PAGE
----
Section 49-1419(1) defines expenditures in part as follows:
Expenditure shall mean a payment, donation, loan, pledge, or promise of payment of money or anything of ascertainable monetary value for goods, materials, services, or facilities in assistance of, or in opposition to, the nomination or election of a candidate, or the qualification, passage or defeat of a ballot question.
Section 49-1469(1) also provides that if a corporation, labor organization, industry trade or professional association makes an expenditure it must file a report of that expenditure with the Commission within 10 days after the end of the calendar month in which the expenditure is made or the personal service provided.
The NTCCA is certainly a corporation and may be an industry, trade or professional association. It falls within the provisions of section 49-1469(1).
We therefore address the specific situations posed by the NTCCA. However these responses should be read with due regard for the cautions contained at the conclusion of this opinion.
SITUATION A - Can the NTCCA, by board of resolution, oppose Amendment 405?
Yes. The passage of a resolution by the governing board of a private association stating that association's opposition to a ballot question is a mere expression and not regulated by the Nebraska Political Accountability and Disclosure Act. It is not a reportable expenditure.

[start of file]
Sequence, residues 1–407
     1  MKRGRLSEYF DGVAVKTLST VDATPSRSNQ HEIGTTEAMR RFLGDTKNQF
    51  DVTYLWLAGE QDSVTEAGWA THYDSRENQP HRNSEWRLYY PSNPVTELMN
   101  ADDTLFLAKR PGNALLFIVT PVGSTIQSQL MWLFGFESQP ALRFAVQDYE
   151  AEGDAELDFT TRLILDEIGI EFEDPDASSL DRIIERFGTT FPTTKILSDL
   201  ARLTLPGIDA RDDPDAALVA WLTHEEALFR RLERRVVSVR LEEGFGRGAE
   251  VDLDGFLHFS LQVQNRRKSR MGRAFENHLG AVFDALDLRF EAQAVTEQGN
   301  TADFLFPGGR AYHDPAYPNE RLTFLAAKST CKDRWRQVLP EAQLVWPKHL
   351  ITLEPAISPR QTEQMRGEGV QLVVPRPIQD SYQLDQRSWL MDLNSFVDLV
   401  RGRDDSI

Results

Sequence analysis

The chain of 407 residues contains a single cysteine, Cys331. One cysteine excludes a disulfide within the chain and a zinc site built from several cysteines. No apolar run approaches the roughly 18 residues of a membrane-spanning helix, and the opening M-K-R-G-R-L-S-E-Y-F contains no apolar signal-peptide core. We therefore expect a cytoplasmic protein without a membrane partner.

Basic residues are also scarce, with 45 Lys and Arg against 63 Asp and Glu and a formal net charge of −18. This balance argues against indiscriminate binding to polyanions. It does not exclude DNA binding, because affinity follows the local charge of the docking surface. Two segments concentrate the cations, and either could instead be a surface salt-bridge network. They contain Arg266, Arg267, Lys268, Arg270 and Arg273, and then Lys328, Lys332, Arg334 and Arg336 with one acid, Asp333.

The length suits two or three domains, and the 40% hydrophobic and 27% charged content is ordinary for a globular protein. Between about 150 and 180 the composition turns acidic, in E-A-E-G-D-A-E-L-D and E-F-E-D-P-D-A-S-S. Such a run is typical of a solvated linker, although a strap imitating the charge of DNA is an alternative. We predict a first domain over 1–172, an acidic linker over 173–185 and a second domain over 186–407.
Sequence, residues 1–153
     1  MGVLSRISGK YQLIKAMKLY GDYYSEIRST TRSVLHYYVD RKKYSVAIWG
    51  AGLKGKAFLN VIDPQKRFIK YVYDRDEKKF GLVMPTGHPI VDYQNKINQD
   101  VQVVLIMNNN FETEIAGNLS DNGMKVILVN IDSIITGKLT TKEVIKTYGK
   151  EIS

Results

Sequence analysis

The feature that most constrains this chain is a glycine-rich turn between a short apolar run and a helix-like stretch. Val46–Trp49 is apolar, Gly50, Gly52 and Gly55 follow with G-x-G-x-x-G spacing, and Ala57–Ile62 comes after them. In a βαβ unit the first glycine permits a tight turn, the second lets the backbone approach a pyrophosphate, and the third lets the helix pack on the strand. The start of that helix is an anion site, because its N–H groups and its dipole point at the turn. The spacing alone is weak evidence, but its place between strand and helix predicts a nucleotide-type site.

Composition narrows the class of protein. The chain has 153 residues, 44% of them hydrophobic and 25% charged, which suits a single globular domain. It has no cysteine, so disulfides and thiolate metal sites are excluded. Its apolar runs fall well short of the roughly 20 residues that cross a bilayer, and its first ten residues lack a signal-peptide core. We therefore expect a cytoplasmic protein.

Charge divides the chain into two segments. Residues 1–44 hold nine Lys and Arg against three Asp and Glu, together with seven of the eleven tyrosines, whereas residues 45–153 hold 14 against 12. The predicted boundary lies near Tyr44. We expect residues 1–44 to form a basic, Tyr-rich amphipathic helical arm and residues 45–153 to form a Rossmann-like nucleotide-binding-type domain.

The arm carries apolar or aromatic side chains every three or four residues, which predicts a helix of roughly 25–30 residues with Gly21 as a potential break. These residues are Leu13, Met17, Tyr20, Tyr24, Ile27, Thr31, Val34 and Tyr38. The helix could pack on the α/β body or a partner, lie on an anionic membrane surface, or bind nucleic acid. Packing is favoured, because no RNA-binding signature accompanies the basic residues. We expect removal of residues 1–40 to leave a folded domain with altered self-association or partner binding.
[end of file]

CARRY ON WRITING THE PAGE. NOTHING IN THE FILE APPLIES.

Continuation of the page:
SITUATION B - Can NTCCA board members actively campaign against Amendment 405 by contributing their own funds to a media campaign, by personally encouraging voters to vote against Amendment 405 or by using other communication means?
Yes. An NTCCA board member in his or her personal capacity may contribute his or her own funds to a media campaign and may personally encourage voters to vote against Amendment 405. Essentially, a board member acting in his or her own personal capacity has the same status as any other citizen of the State of Nebraska with regard to the ballot issue. If a board member is acting in his or her capacity as a board member as authorized by the board, his or her activities on behalf of the association and in opposition to Amendment 405 would constitute a reportable expenditure by the association.
SITUATION C - Can NTCCA staff work in opposition to the passage of Amendment 405 during office hours?